Guest commentary by Evelyn Worth McMullen
Meet Kendra, a 14-year-old with limited verbal skills who was brought by her caregiver to the Unlimited Special Needs Ministry of Mount Paran Church of God in Marietta, Georgia. Jillian Palmiotto, director of the ministry, shares Kendra’s story: “Kendra had been attending our program and worship for about a year when she let us know that she wanted to be baptized. The pastors wondered how we would know that she understood that Jesus was her Savior. I had a conversation with Kendra, in her own way, about her faith. I asked her where Jesus lived and she pointed to her heart. After her baptism Kendra’s joy was evident to all who met her.”
My first response to this story was, “Wow! Kendra shares God’s love through her presence.” My second thought was, “I hope that Presbyterian congregations don’t insist on kids like Kendra being able to articulate their faith verbally.”
Do the confirmation programs of Presbyterian churches make cognitive tasks the gate through which young disciples must enter? Do we fit the teenagers into the program or design the program to help the disciples claim God’s call for their lives?
In this article I offer stories and reflections from several ministry leaders who are encouraging their congregations to adapt programs and practices, welcoming young people with special needs into the Body of Christ. A common theme is strengthening relationships within the Christian community.
As confirmation planners, we decide what young disciples need to know and experience in order for them to make a profession of faith, responding to God’s call as a disciple of Jesus Christ. Many congregations include mentors in the process and have found that relationships with maturing Christians have enriched the experience. For mentors of young people with developmental disabilities, it’s important for the relationship to begin well beforehand.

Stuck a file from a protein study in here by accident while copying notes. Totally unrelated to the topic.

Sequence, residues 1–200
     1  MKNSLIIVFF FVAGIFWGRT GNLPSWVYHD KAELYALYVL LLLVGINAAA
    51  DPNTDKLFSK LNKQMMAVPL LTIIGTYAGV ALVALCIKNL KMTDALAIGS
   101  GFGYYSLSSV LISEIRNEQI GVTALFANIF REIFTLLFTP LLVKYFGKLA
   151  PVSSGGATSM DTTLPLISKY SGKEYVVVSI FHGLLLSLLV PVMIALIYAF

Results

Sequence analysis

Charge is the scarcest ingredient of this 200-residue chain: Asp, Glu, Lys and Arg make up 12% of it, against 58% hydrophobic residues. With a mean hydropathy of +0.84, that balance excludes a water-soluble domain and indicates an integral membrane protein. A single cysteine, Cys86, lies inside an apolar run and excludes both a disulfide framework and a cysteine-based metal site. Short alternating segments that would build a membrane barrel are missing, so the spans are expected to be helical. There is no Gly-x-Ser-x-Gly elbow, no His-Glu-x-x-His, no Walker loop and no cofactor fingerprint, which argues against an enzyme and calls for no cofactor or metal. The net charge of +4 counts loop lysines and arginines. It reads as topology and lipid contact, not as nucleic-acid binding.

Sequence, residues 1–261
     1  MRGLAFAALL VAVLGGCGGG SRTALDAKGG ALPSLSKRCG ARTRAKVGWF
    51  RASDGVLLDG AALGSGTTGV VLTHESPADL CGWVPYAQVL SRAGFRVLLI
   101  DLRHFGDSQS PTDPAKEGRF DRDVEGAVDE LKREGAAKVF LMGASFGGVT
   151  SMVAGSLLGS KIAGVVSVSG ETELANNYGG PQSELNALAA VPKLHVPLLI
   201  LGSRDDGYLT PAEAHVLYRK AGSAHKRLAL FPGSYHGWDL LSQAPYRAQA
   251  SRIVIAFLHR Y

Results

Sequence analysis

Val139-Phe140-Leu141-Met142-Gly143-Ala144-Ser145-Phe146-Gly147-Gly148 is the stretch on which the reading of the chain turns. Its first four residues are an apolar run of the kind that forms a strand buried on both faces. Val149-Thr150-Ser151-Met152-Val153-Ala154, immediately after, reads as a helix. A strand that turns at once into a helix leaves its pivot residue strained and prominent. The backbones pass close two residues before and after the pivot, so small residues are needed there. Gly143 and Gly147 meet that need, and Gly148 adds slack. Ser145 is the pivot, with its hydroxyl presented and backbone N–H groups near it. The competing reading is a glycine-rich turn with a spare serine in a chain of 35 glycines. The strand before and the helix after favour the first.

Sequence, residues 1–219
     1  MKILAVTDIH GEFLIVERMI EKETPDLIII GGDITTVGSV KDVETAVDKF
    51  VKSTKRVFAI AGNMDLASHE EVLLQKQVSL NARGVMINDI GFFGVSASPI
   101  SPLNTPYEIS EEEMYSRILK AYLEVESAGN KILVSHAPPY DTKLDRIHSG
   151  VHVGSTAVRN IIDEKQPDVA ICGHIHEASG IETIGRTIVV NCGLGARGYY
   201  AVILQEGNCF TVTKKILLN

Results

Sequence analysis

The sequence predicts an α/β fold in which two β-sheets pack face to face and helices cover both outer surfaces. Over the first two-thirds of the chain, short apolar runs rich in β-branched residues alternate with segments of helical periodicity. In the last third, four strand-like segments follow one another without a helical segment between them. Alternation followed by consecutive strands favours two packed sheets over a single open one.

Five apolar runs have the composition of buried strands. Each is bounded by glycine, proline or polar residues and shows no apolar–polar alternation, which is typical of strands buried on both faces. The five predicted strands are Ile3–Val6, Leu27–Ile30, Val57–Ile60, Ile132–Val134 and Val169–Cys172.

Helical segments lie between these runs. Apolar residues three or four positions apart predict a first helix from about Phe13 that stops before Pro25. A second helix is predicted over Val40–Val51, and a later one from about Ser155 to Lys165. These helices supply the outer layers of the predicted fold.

Ben Conner, author of “Amplifying Our Witness,” underscores the importance of relationship-building with young people with intellectual or developmental disabilities (I/DD). “Time spent with people with I/DD outside of structured church, moving at their pace, learning about how they communicate, joining with them in things that they enjoy, being sensitive to their gifts and needs will make for a very different confirmation experience.” Conner writes, “While doctrine may be too complex for them, they can participate in the practices of the faith that are shaped by (and shape) our doctrine. The practice of forgiveness has deep roots in the liturgy and is central to any confession of faith. The practice of hospitality is represented at the table, and the invitation … is being affirmed in words. Couldn’t we enact this?” (Also, see Conner’s post on Princeton’s Institute for Youth Ministry blog, “Don’t disable your youth ministry.”)
There are many ways that the confirmation experience can be built around the gifts/witness of these young disciples rather than fitting them into a cognitively-focused program. When I was coordinating confirmation every year, I remember what a privilege it was to be present when teens made those connections between the words of faith and their lives as disciples. However, the program was more or less the same every year. Confirmation leaders may not see the need to change a program that has been successful with typical teens. It takes work to intentionally adapt it for those with special needs.